Debra Barksdale

“The University of Michigan holds a special and dear place in my heart, and I wouldn’t be where I am today without U-M and CEW+ behind my name.” 

Dean Debra J. Barksdale shapes the next generation of nurses as a nurse practitioner, certified nurse educator, Professor of Nursing, and Dean of the School of Nursing at the University of North Carolina-Greensboro. Her story begins with a role model: growing up in rural Virginia, Barksdale remembers watching the beautiful, poised Diahann Carroll play the title character in Julia, a late ‘60s sitcom about a Black nurse and her son. The sitcom was the first to feature a Black woman in a non-stereotypical starring role. 

When she enrolled in college at the University of Virginia, Barksdale pursued nursing, imagining her life taking the shape of Julia’s. After graduating, Barksdale rose quickly through the ranks working at a large hospital in the area. Barksdale then enrolled in a master’s program at Howard University and later earned a place on the faculty at Howard, where she taught nursing for several years. She describes her teaching style as interactive and engaging, which stood out from the lecture-focused pedagogy dominant at the time.

While at Howard, Barksdale observed how stress impacted the health of her most vulnerable patients, particularly Black patients. She remembers expressing her disappointment in the lack of available research on this topic to one of her mentors, who replied that if Barksdale wanted to see the research, she’d have to conduct it. 

So, while caring for her young daughter, Barksdale moved to Ann Arbor to earn her PhD in nursing from the University of Michigan. At the time, Barksdale hoped that a PhD would help her “impact the health of more individuals and families.” Her research examined “how racial discrimination and financial strain bear on emotional responses … as well as physical ones.” Barksdale received the Margaret Dow Towsley Scholarship from CEW+ in 2001. Barksdale attributes her later career success to the support of U-M and CEW+: “The University of Michigan holds a special and dear place in my heart, and I wouldn’t be where I am today without U-M and CEW+ behind my name.”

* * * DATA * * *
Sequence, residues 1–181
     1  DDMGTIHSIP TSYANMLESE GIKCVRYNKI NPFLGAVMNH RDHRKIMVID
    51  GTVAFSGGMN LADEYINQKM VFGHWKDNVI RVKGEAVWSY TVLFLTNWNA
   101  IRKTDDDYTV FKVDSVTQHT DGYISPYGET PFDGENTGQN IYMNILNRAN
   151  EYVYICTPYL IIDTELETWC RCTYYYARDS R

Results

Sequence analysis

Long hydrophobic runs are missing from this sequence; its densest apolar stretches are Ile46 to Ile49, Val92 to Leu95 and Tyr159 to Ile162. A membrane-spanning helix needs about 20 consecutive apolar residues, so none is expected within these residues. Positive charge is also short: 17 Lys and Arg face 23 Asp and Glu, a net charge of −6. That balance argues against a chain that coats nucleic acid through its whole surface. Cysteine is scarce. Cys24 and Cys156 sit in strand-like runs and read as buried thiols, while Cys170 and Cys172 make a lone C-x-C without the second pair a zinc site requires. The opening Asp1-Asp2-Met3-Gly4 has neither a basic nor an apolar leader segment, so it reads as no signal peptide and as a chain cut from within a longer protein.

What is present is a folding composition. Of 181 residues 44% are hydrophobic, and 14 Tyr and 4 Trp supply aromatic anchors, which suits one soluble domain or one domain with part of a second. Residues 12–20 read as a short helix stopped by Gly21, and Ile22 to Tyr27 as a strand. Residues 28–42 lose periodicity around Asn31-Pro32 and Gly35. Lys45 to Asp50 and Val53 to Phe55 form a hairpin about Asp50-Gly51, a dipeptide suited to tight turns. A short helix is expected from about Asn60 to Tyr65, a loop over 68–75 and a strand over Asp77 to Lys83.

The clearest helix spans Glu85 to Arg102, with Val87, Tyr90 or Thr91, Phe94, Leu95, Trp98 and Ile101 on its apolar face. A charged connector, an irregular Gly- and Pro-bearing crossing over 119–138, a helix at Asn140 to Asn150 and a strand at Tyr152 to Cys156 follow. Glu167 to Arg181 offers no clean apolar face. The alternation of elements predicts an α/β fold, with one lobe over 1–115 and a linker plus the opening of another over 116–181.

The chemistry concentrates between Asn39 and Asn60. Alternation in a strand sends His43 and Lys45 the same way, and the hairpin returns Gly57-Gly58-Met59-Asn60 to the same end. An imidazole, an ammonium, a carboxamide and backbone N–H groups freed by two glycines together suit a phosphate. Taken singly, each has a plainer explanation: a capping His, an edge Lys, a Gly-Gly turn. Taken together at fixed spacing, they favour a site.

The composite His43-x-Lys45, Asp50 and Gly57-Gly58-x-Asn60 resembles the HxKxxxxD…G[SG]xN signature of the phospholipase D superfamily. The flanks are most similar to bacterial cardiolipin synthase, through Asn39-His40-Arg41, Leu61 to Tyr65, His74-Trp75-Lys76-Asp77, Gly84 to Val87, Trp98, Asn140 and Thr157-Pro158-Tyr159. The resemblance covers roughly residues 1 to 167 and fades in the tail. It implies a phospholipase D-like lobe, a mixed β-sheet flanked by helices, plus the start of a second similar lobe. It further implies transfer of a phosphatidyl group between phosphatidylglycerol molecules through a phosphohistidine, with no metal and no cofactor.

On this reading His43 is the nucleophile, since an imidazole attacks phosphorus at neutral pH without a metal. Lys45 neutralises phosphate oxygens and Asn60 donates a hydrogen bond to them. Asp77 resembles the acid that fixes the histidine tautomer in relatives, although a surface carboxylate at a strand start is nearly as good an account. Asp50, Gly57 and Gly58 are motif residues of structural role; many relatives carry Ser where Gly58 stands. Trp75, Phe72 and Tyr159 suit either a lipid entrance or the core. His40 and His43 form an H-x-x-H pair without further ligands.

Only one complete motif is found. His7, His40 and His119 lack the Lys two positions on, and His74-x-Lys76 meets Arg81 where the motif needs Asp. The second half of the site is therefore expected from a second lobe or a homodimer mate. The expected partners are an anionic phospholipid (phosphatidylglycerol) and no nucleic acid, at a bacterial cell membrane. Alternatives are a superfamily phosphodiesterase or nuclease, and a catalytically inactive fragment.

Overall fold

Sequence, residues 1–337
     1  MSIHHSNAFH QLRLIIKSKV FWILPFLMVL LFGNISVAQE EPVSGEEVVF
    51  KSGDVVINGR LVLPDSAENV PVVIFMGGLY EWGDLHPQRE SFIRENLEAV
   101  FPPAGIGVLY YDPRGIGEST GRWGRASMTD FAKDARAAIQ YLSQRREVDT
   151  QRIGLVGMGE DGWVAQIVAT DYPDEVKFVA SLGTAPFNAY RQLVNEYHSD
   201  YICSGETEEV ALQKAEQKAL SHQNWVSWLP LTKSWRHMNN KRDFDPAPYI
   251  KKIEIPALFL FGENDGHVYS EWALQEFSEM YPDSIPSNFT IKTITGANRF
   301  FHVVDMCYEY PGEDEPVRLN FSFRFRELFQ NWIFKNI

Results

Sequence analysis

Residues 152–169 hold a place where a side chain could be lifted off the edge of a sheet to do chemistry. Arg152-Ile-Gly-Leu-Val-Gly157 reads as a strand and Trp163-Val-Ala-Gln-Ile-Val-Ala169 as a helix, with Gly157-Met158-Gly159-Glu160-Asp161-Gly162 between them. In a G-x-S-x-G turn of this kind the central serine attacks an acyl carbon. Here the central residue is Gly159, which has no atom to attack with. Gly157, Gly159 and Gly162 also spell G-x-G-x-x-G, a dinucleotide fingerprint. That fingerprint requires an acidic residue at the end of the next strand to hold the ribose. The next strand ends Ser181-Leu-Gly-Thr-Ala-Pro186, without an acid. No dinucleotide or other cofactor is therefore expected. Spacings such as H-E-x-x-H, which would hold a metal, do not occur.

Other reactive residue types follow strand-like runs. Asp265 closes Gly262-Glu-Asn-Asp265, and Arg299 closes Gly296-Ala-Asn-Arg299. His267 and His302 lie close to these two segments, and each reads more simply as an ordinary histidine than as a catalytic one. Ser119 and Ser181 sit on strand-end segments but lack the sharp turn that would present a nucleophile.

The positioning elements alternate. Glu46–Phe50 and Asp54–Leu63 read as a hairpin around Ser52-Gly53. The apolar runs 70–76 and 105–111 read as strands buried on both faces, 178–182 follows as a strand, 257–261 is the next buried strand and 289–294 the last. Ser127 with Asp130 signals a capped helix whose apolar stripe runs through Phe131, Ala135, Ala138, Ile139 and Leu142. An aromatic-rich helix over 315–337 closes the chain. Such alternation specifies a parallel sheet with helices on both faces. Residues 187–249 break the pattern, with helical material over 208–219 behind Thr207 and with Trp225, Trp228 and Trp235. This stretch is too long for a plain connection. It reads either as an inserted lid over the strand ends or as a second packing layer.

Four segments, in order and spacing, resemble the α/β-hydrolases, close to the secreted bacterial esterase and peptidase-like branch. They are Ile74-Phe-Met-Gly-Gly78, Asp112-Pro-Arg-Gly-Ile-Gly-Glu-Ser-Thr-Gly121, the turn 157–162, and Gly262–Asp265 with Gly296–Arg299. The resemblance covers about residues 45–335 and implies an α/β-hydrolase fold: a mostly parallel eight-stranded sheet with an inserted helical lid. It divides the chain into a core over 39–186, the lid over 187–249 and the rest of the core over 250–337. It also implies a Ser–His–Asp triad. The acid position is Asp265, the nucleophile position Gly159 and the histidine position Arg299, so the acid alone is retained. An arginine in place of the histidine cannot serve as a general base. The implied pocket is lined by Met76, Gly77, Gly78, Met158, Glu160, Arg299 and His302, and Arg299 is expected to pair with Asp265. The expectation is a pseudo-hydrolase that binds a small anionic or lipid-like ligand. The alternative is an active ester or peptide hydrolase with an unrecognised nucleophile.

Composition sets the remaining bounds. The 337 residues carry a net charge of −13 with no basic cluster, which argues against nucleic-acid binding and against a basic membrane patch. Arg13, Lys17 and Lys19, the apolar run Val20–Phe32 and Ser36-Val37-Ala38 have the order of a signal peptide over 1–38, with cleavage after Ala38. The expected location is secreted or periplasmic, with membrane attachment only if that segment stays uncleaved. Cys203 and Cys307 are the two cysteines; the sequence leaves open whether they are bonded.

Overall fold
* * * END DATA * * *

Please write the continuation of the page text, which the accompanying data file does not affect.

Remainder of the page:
After graduation, Barksdale pursued a career in academia, earning many “firsts” in her career. She became the first Black faculty member to become a full professor with tenure in the University of North Carolina-Chapel Hill’s School of Nursing, and she has recently become the first Dean of color in UNC-Greenboro’s School of Nursing. 

As a university administrator, Barksdale has influence above and beyond individual classrooms. In her view, teaching and research involve not only what goes on in the classroom or the lab but also how the academy trains teachers, practitioners, and researchers. “I don’t see these activities as discrete,” Barksdale says. As a dean, she develops talent in students and faculty members through mentoring and facilitating professional development programs. She spearheaded a faculty leadership mentoring program through the National Organization of Nurse Practitioner Faculties (NONPF) intended to develop the leadership skills of nurse practitioner faculty belonging to underrepresented groups in the field. As a leader in academia, Barksdale says, “I help others develop the confidence and competence to teach and lead academic programs.” 

In her advice to students, Barksdale emphasizes the importance of finding good mentors. She also urges students to stick to their values and act as an advocate and ally for others, even if that means you have to go against the crowd. “To whom much is given, much is required,” Barksdale says.